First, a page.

DT 28267 – Big Dave's Crossword Blog
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DT 28267

Daily Telegraph Cryptic No 28267

Hints and tips by 2Kiwis

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BD Rating – Difficulty ****Enjoyment ****


Kia ora from Aotearoa. 
Our usual time for going for a walk is in the morning. Yesterday, because the weather was awful, we postponed it until the evening. We just happened to be on the beach leg of the circuit in time to see a magnificent golden orange sunset over the Tasman Sea. Add to that the families of, now quite grown up, ducklings we had seen on the way to the beach and to top it all off, the pair of Royal Spoonbills placidly feeding in the estuary that we went past on our way home. Magic!

We found this a trickier than usual puzzle from Jay. Some of the extra stars for both difficulty and enjoyment came from the Quickie pun that put up quite a fight and then a huge penny-drop moment when we got it.

Please leave a comment telling us how you got on.


1a     Such a worker houses journalist following murder (4-7)
SEMI-SKILLED : These houses are of a type between free-standing and terraced ones, then a word for to murder and a senior journalist.

9a     Exchange parts of plan for rugby restart (4-3)
LINE-OUT : The answer could be an instruction to alter one of the elements in a diagram. (We’re not sure we have got the wordplay all sorted here. Perhaps someone has a better idea?
Find a synonym for a plan that has two syllables 3,4.  Exchange these to make a 4-3 rugby restart. Thanks for help in sorting this one. Why could we not see that yesterday?

10a     Standard officer in the United States navy (6)
ENSIGN : A double definition. The standard might be seen flapping at the top of a pole.

12a     Making a profit from the web? (7)
NETTING : The web could be a mesh used to catch fish perhaps.

13a     See code is broken and Enigma’s opening (7)
DIOCESE : An anagram (broken) of CODE IS and the first letter of Enigma.

14a     Plants oddly displayed by former partner living abroad (5)
EXPAT : A two letter former partner is followed by the first, third, and fifth letter of plants.

15a     Notice criminal hold out for majority (9)
ADULTHOOD : For notice here we need the two letter abbreviation for advertisement, and then an anagram (criminal) of HOLD OUT.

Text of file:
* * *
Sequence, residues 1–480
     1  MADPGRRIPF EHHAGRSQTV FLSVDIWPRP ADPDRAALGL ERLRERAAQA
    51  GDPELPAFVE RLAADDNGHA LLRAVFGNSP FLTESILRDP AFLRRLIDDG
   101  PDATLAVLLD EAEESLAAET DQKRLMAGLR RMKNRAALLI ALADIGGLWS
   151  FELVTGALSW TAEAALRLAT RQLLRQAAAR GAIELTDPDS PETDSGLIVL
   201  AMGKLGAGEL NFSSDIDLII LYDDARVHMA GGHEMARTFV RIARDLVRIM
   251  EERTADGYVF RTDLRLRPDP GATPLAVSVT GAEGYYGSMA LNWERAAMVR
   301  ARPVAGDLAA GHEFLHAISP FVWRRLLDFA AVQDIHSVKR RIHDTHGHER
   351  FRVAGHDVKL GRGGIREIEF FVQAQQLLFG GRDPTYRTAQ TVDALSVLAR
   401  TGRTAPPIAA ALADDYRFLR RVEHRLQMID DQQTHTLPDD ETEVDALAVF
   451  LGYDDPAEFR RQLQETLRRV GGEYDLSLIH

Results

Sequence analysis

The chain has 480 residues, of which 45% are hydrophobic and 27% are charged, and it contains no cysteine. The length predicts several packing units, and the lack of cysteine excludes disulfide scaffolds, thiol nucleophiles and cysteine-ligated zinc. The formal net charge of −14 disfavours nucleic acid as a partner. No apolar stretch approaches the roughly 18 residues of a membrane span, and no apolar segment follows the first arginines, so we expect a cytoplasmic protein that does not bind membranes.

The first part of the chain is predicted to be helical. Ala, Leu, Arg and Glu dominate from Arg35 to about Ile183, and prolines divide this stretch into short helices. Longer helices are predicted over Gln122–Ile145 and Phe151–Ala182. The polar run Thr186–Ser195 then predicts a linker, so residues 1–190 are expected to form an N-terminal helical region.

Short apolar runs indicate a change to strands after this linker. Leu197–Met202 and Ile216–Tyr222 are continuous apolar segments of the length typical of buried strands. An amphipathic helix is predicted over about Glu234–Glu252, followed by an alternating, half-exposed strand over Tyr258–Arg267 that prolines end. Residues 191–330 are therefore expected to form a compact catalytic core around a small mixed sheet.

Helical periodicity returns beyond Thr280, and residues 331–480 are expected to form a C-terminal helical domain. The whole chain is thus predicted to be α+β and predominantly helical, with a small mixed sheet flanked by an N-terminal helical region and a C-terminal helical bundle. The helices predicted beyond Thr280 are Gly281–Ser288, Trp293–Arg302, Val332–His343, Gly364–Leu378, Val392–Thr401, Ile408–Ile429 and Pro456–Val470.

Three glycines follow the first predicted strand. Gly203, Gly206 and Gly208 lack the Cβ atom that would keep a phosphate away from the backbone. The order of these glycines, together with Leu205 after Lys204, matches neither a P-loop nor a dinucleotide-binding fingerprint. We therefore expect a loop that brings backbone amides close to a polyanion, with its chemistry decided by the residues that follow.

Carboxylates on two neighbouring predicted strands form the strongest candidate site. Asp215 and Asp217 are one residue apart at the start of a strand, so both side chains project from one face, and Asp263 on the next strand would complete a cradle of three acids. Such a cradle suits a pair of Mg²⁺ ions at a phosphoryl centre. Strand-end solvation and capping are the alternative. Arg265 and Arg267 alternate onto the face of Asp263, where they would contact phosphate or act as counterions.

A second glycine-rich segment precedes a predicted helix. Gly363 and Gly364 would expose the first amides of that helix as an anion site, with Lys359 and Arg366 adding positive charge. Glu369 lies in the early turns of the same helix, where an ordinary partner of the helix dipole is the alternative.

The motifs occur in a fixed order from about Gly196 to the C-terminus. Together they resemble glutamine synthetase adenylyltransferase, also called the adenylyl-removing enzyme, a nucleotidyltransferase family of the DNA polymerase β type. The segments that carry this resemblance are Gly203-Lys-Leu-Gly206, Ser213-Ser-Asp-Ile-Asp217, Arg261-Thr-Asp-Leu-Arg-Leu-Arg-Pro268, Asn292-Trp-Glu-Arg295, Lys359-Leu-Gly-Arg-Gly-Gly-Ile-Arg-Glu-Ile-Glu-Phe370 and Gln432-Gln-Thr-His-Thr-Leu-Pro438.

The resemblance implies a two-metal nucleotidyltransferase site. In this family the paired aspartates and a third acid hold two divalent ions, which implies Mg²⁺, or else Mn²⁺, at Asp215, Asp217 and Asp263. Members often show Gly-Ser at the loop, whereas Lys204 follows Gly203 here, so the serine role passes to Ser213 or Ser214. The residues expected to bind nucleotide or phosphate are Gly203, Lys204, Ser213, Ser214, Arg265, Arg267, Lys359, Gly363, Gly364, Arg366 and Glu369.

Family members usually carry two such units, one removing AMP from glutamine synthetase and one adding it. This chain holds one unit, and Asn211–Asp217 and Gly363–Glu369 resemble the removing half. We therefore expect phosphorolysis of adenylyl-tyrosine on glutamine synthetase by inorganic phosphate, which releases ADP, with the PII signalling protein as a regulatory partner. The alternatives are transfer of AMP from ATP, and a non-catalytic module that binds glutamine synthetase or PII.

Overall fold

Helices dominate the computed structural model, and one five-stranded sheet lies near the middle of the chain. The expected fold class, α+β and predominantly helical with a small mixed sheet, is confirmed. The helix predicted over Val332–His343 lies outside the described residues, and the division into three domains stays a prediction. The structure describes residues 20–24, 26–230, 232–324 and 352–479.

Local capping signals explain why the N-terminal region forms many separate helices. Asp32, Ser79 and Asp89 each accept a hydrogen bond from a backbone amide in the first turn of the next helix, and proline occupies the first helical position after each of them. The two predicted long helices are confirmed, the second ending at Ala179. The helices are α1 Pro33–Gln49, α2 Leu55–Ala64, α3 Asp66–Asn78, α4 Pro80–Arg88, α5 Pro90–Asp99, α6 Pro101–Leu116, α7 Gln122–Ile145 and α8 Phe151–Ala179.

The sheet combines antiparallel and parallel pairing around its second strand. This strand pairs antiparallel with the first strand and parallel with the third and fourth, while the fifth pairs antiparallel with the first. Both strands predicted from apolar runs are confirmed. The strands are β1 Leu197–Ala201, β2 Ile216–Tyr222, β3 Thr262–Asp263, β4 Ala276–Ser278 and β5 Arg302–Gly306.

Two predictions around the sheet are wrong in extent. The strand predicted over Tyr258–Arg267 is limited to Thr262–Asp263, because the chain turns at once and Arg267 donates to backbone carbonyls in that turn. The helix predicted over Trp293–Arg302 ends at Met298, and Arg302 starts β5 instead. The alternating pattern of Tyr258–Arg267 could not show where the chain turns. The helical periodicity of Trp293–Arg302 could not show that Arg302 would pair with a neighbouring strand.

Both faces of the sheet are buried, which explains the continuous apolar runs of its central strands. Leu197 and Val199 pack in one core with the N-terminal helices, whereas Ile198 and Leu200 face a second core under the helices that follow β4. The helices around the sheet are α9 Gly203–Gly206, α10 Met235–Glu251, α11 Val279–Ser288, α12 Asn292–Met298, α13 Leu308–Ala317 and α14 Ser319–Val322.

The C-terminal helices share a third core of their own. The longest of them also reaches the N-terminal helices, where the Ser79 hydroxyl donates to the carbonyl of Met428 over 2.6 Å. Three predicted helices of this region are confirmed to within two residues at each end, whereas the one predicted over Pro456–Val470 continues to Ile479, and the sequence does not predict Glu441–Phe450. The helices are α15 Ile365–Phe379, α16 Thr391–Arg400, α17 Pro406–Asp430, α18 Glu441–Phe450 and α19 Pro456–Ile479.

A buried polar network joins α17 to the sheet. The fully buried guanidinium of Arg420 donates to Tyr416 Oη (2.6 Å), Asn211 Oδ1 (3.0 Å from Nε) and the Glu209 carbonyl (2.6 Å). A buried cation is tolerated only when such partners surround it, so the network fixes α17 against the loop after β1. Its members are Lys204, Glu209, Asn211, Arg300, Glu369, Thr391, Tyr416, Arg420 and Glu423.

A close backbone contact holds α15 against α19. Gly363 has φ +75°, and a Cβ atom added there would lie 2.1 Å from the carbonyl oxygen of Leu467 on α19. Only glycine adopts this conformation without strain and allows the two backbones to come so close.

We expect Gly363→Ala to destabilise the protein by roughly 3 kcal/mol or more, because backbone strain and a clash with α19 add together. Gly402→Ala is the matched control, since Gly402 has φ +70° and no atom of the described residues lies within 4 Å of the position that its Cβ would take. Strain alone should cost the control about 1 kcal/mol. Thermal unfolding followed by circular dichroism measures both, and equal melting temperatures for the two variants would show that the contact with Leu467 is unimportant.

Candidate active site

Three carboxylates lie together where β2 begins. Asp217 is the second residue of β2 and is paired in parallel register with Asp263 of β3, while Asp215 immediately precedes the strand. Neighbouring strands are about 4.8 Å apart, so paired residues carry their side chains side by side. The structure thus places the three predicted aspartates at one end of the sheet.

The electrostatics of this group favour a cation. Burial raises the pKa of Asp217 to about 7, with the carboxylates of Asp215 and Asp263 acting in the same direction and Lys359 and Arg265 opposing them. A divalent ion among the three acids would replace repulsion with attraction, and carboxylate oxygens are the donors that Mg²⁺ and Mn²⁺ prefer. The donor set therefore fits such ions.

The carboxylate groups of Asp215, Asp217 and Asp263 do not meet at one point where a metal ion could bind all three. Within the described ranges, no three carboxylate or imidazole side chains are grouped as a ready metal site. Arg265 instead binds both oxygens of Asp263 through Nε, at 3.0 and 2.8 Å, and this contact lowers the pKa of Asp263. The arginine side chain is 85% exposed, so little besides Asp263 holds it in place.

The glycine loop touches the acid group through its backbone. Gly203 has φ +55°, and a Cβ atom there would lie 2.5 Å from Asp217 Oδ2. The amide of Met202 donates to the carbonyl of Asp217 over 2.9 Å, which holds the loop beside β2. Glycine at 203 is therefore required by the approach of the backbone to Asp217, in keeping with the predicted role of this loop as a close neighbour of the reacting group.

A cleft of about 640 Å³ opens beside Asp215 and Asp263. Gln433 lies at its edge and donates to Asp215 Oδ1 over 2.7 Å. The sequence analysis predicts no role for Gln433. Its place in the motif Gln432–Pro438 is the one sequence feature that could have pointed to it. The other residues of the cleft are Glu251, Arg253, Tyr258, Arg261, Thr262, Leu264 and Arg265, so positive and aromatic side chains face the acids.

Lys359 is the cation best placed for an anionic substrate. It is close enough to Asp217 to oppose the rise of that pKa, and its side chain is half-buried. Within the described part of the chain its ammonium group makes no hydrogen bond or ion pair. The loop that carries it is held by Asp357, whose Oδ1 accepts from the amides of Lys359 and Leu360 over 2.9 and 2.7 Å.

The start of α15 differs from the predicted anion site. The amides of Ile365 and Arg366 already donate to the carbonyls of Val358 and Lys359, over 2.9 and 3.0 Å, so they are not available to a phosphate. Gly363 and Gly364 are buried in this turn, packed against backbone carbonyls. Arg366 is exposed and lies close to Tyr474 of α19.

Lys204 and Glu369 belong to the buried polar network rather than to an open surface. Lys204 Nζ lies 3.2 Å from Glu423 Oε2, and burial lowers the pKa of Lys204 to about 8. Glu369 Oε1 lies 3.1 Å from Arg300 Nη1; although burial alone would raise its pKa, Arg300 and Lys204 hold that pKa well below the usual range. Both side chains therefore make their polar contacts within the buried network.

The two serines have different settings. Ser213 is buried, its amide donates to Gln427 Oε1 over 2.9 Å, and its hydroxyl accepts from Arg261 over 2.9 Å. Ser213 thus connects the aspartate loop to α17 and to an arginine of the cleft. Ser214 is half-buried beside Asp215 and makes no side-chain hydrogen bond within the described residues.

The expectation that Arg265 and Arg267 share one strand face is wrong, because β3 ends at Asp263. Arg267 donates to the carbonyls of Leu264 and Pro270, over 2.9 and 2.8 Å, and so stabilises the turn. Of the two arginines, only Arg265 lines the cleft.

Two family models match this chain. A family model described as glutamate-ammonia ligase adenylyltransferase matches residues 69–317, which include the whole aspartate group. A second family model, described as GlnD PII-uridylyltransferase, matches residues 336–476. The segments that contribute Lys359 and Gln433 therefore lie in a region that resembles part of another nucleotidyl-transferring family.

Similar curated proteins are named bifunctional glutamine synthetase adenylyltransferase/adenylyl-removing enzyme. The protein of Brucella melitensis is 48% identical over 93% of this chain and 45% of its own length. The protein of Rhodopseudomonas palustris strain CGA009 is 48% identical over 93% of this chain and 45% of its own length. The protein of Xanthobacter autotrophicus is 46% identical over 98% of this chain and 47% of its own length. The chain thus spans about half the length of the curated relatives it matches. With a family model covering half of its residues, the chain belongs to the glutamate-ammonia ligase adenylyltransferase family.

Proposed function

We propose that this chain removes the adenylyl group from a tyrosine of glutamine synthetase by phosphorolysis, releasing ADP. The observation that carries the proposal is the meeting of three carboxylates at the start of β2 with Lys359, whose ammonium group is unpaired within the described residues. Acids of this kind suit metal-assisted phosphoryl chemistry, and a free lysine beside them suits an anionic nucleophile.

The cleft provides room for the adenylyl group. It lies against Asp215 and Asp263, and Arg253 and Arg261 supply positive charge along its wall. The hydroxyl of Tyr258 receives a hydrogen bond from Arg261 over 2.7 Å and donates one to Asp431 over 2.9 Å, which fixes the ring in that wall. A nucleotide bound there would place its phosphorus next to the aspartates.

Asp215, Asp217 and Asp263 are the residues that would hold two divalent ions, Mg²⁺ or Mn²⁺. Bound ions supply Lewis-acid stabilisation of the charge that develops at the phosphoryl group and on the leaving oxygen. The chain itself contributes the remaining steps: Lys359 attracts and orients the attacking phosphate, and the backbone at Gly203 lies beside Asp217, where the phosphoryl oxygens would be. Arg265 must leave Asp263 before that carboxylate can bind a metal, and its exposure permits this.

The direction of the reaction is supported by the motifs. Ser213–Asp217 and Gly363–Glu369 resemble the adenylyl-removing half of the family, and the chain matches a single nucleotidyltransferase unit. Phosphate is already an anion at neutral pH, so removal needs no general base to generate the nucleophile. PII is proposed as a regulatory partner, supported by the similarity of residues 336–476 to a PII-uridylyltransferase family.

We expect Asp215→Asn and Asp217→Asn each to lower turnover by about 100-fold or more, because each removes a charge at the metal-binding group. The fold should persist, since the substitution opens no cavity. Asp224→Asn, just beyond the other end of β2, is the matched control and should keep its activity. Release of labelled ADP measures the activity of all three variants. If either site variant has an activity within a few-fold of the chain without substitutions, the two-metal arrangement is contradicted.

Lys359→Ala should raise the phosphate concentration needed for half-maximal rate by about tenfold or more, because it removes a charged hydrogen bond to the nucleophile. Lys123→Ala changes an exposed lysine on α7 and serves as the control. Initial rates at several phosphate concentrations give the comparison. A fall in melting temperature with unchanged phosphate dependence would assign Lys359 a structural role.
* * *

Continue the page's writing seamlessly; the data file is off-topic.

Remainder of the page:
17a     Graduate teacher with extended cover (9)
BEDSPREAD : A three letter degree that a teacher might hold and then a synonym for extended or distributed.

20a     What may follow bride in coach? (5)
TRAIN : We are looking for the long flowing part of a bride’s gown for the first definition.

22a     Colour of small slight cut (7)
SAFFRON : The abbreviation for small and then a word for a slight or insult loses its last letter.

24a      Deprive of hearing, like a zombie? (7)
ROBOTIC : A word meaning deprive of, or steal from, and then a word meaning to do with the ears.

25a     Line appended to current agreement (6)
ACCORD : The abbreviation for alternating current and then a line or string.

26a     Attitude shown by old-fashioned watch (7)
OUTLOOK : A short word for not in current fashion and then a word for watch or observe.

27a     Buttonholes must have colour basis (11)
CORNERSTONE : A word meaning monopolises someone’s attention or buttonholes, and then a word that describes a shade of colour. The answer needs splitting 7,4 to give this wordplay.


2d     Bighead, for example, exaggerated about dish discovered (7)
EGOTIST : The abbreviation for the Latin phrase meaning for example, then the three letters used to denote exaggerated or over the top. Inside this place the two letters that are left when the first and last letters of dish (the covers) are removed.

3d     Join in — note pinched by thankless person (9)
INTEGRATE : One of the notes of the tonic sol-fa scale is inside a word for a thankless person.

4d     Work in bakery having requirement to be heard (5)
KNEAD : A word meaning having requirement is a homophone for the work involved in processing dough.

5d     Left a call to attack (4,3)
LASH OUT : The abbreviation for left, then ‘a’ from the clue and a loud vocal call.

6d     Source of genius found in poor Creole painter (2,5)
EL GRECO : An anagram (poor) of CREOLE contains the first letter of genius.

7d     Errors, including public transport vehicle arm once (11)
BLUNDERBUSS : A synonym for errors surrounds a three letter public transport vehicle.

8d     Arch — that might be 16 (6)
INSTEP : Split the answer to 16d 5,4 to discover where this arch is to be found.

11d     Special food from union bar (7,4)
WEDDING CAKE : The union here is connected with nuptials and the bar could be a piece of soap to give this special celebratory food.

16d     Junior to pay for being inconveniently in the way (9)
UNDERFOOT : Junior or subservient and then to pay for or take responsibility for settling a bill.

18d     Skilful, holding account over, in effect (2,5)
DE FACTO : An abbreviation for account is inside a four letter word meaning skilful.  Lastly, the abbreviation for a cricket over.

19d     Nick largely untouched cut of meat (7)
PURLOIN : Start with a word meaning untouched or pristine and remove its last letter. Next we have a cut of meat taken from the lower part of an animal’s back.

20d     Case of bribe pocketed by giant mountain man (7)
TIBETAN : A giant from classical mythology includes the first and last letters (case) of bribe.

21d     A universal god or creator (6)
AUTHOR : ‘A’ from the clue, then the abbreviation for universal and a Norse god.